Oft-reported anecdotes about the persistently low numbers of students of color in Advanced Placement classes in the Palo Alto Unified School District are affirmed in a report that the school board will discuss at its Tuesday meeting.
This year, only seven black and Hispanic students signed up for AP biology, 11 for AP calculus AB, one for AP chemistry, one for art history and three for AP statistics, as a few examples, according to the report. More black and Hispanics students enrolled in AP Spanish language and AP Spanish literature (25 and nine, respectively) as well as AP psychology (11 students).
There are 84 black students at the district's high schools (23 at Gunn and 61 at Palo Alto), and 362 Hispanic students (160 at Gunn and 202 at Paly), according to a September enrollment report from the district.
Gunn's total enrollment is 1,885 -- black students account for 1.2 percent and Hispanic students 8.5 percent.
Paly's enrollment is 1,985, with black students making up 3.1 percent and Hispanic students 10.2 percent.
No black or Hispanic students enrolled this year in AP calculus BC, AP physics, AP computer science or AP studio art, among other courses, according to the report.
Last year, black and Hispanic students enrolled at about the same numbers in some courses, while others saw a drop in enrollment and other a slight uptick.
In the class of 2015, 65 students of color and low-income students took 122 AP classes over the course of their high-school years, according to the district. Both of those numbers have dropped in the class of 2016: Only 50 students of color and low-income students have taken 89 AP classes.
Students of color and low-income students show high pass rates on the AP exams they do take, however — performing at a similar level or in some cases better than their peers.
Female students are also underrepresented in some AP courses, particularly in science courses. The most glaring gender gap this year is in a blended AP computer-science class, which is 75 percent male students (down from 85 percent last year). Most science classes that enrolled more male students last year became more balanced this year, according to the report. AP chemistry, for example, dropped from 70 percent male to 54 percent this year.
There are more female students, however, in classes like AP art history, AP studio art and AP English literature and composition.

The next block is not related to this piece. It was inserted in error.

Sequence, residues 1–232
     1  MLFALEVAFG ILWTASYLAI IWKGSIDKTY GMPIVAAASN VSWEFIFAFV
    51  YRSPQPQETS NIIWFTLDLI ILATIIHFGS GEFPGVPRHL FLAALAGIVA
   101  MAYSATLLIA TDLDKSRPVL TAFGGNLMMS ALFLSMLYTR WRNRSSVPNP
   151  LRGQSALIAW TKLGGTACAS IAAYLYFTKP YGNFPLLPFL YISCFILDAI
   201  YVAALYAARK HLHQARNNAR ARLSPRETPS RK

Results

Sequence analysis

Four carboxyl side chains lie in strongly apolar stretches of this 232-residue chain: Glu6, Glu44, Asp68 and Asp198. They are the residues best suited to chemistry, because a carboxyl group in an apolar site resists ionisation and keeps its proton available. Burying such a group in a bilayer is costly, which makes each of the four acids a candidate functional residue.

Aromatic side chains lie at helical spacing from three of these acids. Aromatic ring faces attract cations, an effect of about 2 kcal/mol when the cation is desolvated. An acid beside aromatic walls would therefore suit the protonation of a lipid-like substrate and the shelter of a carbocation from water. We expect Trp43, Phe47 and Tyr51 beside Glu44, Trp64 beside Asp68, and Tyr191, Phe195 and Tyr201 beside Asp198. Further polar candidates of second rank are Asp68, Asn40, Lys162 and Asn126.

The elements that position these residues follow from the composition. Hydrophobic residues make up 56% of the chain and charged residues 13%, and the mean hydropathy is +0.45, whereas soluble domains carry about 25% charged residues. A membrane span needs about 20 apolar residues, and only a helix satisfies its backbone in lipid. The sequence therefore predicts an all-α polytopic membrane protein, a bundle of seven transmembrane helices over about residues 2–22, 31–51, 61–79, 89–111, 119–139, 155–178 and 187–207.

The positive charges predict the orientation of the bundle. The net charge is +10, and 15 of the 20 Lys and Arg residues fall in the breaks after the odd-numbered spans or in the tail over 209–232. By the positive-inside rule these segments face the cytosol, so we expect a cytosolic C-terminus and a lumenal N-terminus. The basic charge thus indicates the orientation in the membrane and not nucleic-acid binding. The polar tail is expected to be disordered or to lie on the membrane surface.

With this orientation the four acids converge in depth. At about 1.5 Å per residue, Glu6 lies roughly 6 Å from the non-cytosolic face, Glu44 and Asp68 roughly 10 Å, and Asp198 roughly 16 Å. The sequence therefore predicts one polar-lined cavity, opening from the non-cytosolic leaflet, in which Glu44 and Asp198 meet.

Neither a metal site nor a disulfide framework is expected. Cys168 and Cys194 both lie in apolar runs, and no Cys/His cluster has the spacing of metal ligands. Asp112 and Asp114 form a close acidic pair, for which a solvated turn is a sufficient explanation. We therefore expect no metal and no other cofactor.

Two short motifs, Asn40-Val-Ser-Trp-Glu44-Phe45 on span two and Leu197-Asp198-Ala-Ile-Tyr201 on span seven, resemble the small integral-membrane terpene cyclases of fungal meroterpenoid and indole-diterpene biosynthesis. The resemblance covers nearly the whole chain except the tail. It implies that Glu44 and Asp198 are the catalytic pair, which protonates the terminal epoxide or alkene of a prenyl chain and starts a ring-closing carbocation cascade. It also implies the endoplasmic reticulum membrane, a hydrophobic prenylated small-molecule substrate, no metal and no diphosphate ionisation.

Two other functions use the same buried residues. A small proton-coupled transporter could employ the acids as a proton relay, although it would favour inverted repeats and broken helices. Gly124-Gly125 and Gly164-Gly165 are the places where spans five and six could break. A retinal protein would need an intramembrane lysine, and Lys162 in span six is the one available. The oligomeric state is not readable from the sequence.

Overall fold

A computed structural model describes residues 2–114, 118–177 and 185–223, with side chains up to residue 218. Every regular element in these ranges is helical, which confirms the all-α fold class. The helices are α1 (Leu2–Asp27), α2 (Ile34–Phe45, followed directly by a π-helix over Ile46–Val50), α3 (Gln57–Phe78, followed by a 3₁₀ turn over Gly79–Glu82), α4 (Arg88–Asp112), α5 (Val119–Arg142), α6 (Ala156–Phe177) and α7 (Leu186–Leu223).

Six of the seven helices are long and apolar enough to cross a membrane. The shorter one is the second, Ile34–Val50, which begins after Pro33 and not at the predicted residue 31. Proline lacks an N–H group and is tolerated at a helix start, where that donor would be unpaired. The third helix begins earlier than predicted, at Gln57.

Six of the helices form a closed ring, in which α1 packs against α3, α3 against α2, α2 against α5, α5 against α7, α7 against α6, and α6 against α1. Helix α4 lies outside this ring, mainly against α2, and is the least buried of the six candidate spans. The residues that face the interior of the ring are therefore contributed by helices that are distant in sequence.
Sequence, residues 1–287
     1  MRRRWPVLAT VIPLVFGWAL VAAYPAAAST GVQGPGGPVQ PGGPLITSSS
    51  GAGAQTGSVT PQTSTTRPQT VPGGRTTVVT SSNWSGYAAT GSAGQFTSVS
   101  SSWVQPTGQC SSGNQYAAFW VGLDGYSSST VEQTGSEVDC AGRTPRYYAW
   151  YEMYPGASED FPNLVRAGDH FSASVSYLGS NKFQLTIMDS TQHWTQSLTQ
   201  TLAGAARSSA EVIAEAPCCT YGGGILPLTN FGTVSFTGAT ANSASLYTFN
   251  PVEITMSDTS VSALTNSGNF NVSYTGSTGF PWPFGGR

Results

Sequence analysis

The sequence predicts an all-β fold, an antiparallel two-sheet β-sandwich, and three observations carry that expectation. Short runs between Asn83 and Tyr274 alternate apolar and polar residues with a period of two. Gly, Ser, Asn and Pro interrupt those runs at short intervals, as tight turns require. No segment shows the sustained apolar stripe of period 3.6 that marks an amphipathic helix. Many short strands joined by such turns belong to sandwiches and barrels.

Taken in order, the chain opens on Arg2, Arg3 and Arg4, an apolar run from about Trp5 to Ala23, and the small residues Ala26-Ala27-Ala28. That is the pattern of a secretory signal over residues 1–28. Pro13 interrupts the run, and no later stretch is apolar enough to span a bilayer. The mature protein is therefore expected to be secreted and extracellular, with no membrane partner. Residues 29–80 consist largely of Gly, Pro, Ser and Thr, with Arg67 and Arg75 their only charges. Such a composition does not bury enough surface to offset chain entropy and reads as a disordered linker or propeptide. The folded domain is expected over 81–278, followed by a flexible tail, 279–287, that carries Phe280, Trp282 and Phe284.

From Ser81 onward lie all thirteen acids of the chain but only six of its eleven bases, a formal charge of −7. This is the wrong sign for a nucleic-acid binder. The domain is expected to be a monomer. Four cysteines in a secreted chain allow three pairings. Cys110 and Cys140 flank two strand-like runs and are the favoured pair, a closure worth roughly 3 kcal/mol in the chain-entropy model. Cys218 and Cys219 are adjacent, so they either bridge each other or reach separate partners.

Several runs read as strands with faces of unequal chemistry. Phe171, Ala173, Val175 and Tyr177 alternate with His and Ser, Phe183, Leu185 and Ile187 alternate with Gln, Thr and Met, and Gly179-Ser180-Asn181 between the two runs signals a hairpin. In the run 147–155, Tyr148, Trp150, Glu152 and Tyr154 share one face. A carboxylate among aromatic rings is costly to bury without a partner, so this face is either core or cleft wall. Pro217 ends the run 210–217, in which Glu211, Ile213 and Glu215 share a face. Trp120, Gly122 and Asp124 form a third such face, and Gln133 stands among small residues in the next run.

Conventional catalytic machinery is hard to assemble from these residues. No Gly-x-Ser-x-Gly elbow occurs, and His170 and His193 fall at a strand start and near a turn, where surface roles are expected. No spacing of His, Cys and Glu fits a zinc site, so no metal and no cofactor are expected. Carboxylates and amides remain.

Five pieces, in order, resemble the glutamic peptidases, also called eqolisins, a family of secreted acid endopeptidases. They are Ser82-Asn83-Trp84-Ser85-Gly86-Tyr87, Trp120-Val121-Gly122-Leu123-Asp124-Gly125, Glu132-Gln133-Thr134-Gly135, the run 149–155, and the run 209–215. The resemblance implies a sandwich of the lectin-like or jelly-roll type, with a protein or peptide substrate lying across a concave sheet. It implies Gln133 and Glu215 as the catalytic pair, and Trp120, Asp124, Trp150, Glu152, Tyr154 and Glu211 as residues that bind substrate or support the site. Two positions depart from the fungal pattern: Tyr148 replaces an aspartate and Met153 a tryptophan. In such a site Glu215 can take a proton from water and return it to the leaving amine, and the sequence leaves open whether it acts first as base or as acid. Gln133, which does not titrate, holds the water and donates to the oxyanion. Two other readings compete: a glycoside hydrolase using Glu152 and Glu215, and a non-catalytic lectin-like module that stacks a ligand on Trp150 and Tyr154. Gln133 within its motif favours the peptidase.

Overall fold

The report, prepared by district Director of Research Christopher Kolar and Program Evaluation Coordinator Clarisse Haxton, notes that "additional analysis is needed to track AP course-taking — and AP exam-taking and exam passage — over time."
One outcome of the district's elevated "focused goals" this year is to increase the number and percentage of historically underrepresented students in AP classes. A longer term goal is to have proportional representation in all AP classes.
The school board will discuss AP enrollment Tuesday evening as part of a larger presentation on college enrollment and A-G college requirements.
Elementary-school facilities improvements
In other business Tuesday, the school board will also discuss the proposed allocation of $60 million in bond funds set aside for capital improvements at the elementary schools. Staff is recommending that $23 million go to support a project at Hoover Elementary School, $37 million to "multi-use building projects" and $300,000 of that amount used to develop conceptual designs at Escondido, El Carmelo and Walter Hays elementary schools. The unanimous recommendation comes from a subcommittee of three elementary principals — Escondido's ChucK Merritt, El Carmelo's Danae Reynolds and Hays' Mary Bussman — who met throughout the fall.
The subcommittee is recommending the largest amount of money go to Hoover, which was not included in the previous bond because it had not opened at its present site when that bond passed, according to the district. The group has identified the following potential improvements for Hoover: expanded and modernized multi-purpose building, a new library, no modular buildings, modernized classrooms and technology.
The remaining dollars should go to build new multi-purpose rooms at Escondido, El Carmelo and Walter Hays, the principals recommended. These three sites were chosen because other elementary schools already had "extensive modernization" or have forthcoming construction, a report notes.
"Then, based on the sizes of the current multi-purpose buildings as compared to the number of students, the group chose Escondido and Hays, and based on renovation sequencing and phasing, the choice of the third school was El Carmelo," the report states.
The board voted this summer to release the reserve dollars to support projects at the existing school sites.
Before the regular meeting starts, the board will also meet in closed session to discuss a personnel evaluation related to the repeated bullying of a special-education middle-school student in the district.
Open session begins at 6:30 p.m. at the district office, 25 Churchill Ave. View the full agenda here.